My Thanksgiving Confession

Oh the bliss of another Thanksgiving. Or not. With reluctant candor I confess that the mention of that fourth Thursday in November doesn’t stir the embers in my heart. Holidays pressure me to perform beyond my skill-set. They expose my domestic deficiency and creative dearth.

Thanksgiving—a tradition-packed, homespun, poetic celebration, when families crowd highways to connect. Savory roasted turkey and cornbread dressing wafting from the oven, sweet potato casserole, and once-a-year pumpkin pie buried in whipped cream. Sounds good.

But you can’t get there without mile-long grocery lines, recipe searches and limitless pots to scrub, a sweltering kitchen, timers going off, rolls burning, drink orders, mismatched napkins, where-are-those-serving-spoons?

Please… is all this necessary? Can’t we just be thankful?

A massive undertaking of countless hours, an all-female labor force, and a depleted food budget—is all this worth it for a thirty-minute meal? This girl’s not convinced. Call me the Thanksgiving Grinch—I can take it, but I’d rather watch football with the men.

A bright side to this holiday madness comes the day after. No, not the shopping— the leftovers! No cooking for at least two more days. A turkey sandwich and more gridiron—simple pleasures.

Perhaps others feel the same way, but such an unpopular sentiment must be kept to oneself. Too many like-minds might start a rebellion and turn American culture on its head. Don’t worry, I’ll keep quiet and do my duty—at least one more year. Maybe I’ll even work on my attitude—now that would be refreshing.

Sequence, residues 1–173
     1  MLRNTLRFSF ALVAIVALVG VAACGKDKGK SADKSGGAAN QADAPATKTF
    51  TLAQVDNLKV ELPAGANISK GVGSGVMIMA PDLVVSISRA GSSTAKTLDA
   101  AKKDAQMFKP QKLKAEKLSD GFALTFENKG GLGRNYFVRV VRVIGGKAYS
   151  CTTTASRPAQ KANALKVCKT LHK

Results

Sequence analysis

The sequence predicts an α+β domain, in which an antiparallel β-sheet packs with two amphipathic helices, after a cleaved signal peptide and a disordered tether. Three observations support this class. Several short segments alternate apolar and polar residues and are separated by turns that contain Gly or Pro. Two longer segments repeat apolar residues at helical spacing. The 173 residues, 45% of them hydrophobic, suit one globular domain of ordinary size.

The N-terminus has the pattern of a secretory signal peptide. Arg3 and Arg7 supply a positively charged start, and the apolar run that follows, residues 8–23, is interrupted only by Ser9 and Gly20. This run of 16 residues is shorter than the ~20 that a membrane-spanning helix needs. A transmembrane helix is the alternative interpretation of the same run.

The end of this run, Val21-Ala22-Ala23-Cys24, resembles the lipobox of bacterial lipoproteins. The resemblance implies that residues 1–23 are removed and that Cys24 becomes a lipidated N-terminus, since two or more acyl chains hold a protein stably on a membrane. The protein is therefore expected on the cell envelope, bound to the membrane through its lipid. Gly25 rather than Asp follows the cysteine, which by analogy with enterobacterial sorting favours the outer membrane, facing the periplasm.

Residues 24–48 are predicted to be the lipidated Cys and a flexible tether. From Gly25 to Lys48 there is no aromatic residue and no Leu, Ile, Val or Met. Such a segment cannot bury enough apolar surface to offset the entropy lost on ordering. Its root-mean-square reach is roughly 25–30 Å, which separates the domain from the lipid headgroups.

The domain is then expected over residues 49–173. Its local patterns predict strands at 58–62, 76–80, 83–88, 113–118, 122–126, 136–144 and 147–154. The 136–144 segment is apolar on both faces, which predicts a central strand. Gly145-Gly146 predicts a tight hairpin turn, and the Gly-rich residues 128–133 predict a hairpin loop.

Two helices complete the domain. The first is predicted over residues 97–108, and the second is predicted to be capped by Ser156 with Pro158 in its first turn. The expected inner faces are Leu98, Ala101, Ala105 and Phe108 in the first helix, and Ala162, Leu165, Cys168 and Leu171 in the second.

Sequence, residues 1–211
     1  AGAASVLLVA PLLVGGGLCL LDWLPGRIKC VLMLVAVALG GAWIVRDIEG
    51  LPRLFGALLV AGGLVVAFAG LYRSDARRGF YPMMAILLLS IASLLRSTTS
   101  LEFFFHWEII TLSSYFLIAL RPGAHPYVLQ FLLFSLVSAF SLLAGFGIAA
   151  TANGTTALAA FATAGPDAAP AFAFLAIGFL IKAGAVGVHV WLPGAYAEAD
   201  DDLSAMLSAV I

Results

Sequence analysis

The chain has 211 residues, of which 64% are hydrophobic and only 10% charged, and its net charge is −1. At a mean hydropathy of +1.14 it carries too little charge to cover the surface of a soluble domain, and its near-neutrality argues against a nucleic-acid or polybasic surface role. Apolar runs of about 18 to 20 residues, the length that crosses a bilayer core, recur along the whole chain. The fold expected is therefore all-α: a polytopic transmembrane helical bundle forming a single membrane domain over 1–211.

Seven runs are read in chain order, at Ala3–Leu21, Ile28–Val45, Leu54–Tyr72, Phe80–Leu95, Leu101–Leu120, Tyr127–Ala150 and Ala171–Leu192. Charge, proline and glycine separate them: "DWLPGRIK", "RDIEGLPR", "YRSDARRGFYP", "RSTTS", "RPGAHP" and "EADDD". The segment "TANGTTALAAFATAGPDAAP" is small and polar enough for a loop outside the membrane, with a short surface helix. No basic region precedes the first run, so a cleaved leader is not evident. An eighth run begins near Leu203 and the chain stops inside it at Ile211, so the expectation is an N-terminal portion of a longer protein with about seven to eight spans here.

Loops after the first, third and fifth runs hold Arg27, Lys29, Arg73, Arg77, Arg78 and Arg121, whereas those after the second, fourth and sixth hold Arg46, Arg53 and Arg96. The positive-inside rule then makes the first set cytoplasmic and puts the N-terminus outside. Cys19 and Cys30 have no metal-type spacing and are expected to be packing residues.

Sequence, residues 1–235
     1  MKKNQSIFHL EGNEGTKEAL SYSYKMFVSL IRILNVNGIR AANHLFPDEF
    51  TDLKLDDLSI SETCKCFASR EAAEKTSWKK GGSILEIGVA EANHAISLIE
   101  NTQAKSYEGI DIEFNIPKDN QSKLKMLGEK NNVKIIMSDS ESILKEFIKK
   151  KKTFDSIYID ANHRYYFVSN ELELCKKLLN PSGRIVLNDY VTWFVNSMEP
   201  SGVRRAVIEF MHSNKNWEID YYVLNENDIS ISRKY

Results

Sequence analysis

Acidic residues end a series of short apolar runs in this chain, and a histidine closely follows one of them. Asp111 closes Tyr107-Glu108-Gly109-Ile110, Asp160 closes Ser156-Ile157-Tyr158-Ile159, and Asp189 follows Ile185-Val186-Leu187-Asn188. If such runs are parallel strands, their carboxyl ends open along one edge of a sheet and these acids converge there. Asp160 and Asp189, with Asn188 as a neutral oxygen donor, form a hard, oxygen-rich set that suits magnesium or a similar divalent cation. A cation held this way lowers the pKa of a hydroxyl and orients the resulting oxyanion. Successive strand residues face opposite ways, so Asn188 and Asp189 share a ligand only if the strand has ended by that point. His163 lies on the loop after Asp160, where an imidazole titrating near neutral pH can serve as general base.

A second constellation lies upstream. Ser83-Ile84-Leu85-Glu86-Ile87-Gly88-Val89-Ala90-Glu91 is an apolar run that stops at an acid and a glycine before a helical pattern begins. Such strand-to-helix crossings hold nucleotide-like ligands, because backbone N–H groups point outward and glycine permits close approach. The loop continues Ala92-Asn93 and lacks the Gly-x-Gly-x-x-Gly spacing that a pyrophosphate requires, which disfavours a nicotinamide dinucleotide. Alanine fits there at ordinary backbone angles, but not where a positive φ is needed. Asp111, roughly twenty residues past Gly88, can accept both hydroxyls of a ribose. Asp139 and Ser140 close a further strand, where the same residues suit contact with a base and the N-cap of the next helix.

And while I’m at it, maybe I should acknowledge that a confession without repentance looks a lot like whining without resolving, like a martyr without a cause.

A moment of truth—I’m the one who isn’t thankful.

Is it too late to lay down the Martha syndrome and embrace the virtue of putting others first, to choose joy in humble service, to right a ship that’s gone off-course? Bring on the sackcloth and ashes—I’m undone.

Silenced and breathing in grace, I climb out of the ditch I dug with my discontent. Free from the rut, I seize a new day, a new opportunity. Hand me an apron so I can get started on that green Jello salad. And this year, I’m creating something different in the kitchen—an aroma of thankfulness.

11 comments to My Thanksgiving Confession

  • Cherie

    Its 3:30 am. The kids have a virus. Again. I think adopted kids have the immune system of a gnat? So yours truly had to grocery shop for Thanksgiving at midnight. We have no family here in the gem state. So I have to cook. I stink at cooking. I’m ‘domestically challenged’. (except for knitting & crocheting…) But then…? Janet’s post lights up my iPhone as I turn off the nightlight. And now I have the blessing of a new perspective. I will start the day with this attitude. My kids have prattled on and on about the excitement of the Thanksgiving feast. Their Mommy is gonna give them just that. A feast. I just need a quick nap.

    • Cherie, Happy Thanksgiving! I am so thankful for my new friends in the online community. That includes you! I love your humor and your refreshing honesty. We’re all on different roads but headed to the same destination. Let’s keep pressing on with joy and thankfulness in our hearts.

  • Karen Burroughs